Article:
Bankruptcy Alphabet-N is for Nondischargeable Debt

While the filing of a bankruptcy ultimately leads to significant debt relief, there are situations where your debt may not be dischargeable, or wiped away. We call this nondischargeable debt.

     N is for Nondischargeable Debt

Photo by Leo Reynolds

The following is a list of debt that is not discharged upon the completion of a bankruptcy case.

-Unpaid Taxes: All taxes that are given priority status under the Bankruptcy Code are nondischargeable with very limited circumstances. If you have unpaid income taxes, you should consult with a bankruptcy lawyer to determine whether your tax debt meets the exception.

-Debt Caused by Fraud: This kind of debt occurs frequently in bankruptcy cases. In order for this particular debt to be rendered nondischargeable, a bankruptcy judge must determine whether the debt was caused by fraud through an Adversary Proceeding.

-Unlisted Debt: Debtors are required to list all creditors and debt they have. Failure to list a particular debt could lead to nondischargeability of that debt. Make sure you include all of the debt you have.

-Debt Caused by Fraud from a Fiduciary or Embezzlement: Similar to debt caused by normal fraud, it also includes any fraud if the debtor was in the role of a fiduciary, or person in a special legal relationship such as a conservator, guardian, trustee, or partner, etc. It also includes acts where a debtor wrongfully embezzled or took property of another. Again, a creditor must bring an Adversary Proceeding to determine whether the debt is nondischargeable.

-Spousal and Child Support: Any alimony or child support you owe will not be discharged in a bankruptcy filing.

-Willful and Malicious Injury: Debts that result from an intentional and deliberate injury to another. This is a special debt that can be discharged in a Chapter 13 case, but not Chapter 7. A creditor must bring an Adversary Proceeding to determine whether the debt is nondischargeable.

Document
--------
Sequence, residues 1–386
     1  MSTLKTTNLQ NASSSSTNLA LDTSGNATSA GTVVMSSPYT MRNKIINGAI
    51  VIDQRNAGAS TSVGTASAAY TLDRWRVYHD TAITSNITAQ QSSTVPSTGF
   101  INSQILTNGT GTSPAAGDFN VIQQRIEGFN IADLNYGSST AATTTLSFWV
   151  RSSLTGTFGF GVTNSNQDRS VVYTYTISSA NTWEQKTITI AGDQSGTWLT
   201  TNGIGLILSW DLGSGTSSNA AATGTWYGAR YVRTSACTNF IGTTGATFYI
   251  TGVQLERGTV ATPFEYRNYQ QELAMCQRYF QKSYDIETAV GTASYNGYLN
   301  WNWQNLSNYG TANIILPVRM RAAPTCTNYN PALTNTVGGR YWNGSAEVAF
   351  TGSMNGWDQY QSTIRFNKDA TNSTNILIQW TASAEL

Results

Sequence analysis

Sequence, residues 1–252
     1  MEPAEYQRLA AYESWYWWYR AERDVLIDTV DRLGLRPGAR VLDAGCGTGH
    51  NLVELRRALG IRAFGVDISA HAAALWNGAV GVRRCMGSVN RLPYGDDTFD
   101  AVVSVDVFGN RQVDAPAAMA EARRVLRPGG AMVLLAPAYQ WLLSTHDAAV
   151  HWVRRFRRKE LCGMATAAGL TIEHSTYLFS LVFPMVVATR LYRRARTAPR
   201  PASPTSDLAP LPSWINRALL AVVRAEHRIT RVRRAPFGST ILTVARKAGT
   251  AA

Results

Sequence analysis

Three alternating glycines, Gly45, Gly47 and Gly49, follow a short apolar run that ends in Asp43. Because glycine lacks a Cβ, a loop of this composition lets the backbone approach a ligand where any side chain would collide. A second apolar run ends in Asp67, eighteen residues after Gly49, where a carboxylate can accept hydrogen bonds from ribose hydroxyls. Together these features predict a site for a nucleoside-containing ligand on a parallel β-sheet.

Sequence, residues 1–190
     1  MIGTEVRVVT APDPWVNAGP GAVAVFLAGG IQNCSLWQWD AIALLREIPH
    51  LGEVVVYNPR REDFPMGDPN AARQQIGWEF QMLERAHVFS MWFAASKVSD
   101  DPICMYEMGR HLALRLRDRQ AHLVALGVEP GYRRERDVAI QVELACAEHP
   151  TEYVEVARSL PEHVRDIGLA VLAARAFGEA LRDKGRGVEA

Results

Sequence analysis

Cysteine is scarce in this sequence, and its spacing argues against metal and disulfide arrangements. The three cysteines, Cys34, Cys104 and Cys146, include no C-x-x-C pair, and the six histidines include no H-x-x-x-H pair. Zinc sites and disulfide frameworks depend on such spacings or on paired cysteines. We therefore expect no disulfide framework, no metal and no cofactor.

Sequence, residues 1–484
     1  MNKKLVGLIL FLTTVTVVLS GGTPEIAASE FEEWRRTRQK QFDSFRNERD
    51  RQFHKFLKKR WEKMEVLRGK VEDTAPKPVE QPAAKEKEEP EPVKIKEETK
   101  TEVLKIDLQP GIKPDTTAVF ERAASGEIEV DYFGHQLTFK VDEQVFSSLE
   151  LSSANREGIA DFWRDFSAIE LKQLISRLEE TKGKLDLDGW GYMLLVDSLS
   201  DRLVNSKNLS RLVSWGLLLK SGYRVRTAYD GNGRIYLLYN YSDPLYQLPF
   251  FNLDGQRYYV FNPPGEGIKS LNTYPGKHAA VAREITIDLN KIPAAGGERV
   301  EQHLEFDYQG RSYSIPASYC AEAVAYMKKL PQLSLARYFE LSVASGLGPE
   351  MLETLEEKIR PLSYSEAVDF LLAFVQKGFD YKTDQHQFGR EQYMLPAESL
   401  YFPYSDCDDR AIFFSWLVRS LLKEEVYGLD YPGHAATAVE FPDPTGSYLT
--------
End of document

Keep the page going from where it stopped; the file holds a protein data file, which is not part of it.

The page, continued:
-Fines and Penalties: Debts related to fines and penalties from governmental entities is not dischargeable. There is a small exception regarding pecuniary loss, so you should consult with an attorney to determine whether your particular fine or penalty will be dischargeable.

-Student Loans: Debts related to education are not dischargeable under most circumstances. They can be discharged if the debtor brings an Adversary Proceeding asserting that paying the student loan created a undue burden on debtor and his/her dependents. See my previous article on student loan dischargeability.

-Driving While Intoxicated: Any debts caused from the debtor driving intoxicated are not dischargeable.

-Waiver or Denial of Discharge: If the debtor had filed bankruptcy before and either waived the discharge or was denied a discharge for a particular debt will not be dischargeable in a subsequent bankruptcy filing.

-Criminal Restitution: If ordered to pay restitution in a federal criminal case, the debt is nondischargeable.

-Debts Incurred to Pay Nondischargeable Taxes: If you use a credit card or check cashing scheme to pay your taxes, the debt associated with the credit card or check cashing company would be nondischargeable.

-Debts resulting from Divorce or Separation: Any debt incurred during divorce or separation is not dischargeable.

-Fees Imposed for Litigious Acts: Fees imposed on a debtor for litigation (filing fees) are not dischargeable.

-Debts Relating to Pensions: Debts for 401k loans and the like are nondischargeable.

-Debts for fraud against Deposit Institutions or failure to maintain capital of a deposit institution: These are uncommon exceptions related to the banking industry.

As you can see, there are some debts that are not wiped away by filing bankruptcy, but the overwhelming nature of bankruptcy laws are to provide debtors significant debt relief.

Other Bankruptcy Lawyers talking about the Letter N include:
Naked-New York Bankruptcy Attorney, Jay S. Fleishman
Nondischargeable-Northern California Bankruptcy Lawyer, Cathy Moran

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